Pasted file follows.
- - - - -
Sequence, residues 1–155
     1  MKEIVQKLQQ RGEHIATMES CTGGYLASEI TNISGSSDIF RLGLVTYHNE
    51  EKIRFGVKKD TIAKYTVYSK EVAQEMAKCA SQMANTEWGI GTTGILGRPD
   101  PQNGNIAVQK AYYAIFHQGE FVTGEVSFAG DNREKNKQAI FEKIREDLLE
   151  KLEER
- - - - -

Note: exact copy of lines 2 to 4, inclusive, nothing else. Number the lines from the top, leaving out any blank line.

     1  MKEIVQKLQQ RGEHIATMES CTGGYLASEI TNISGSSDIF RLGLVTYHNE
    51  EKIRFGVKKD TIAKYTVYSK EVAQEMAKCA SQMANTEWGI GTTGILGRPD
   101  PQNGNIAVQK AYYAIFHQGE FVTGEVSFAG DNREKNKQAI FEKIREDLLE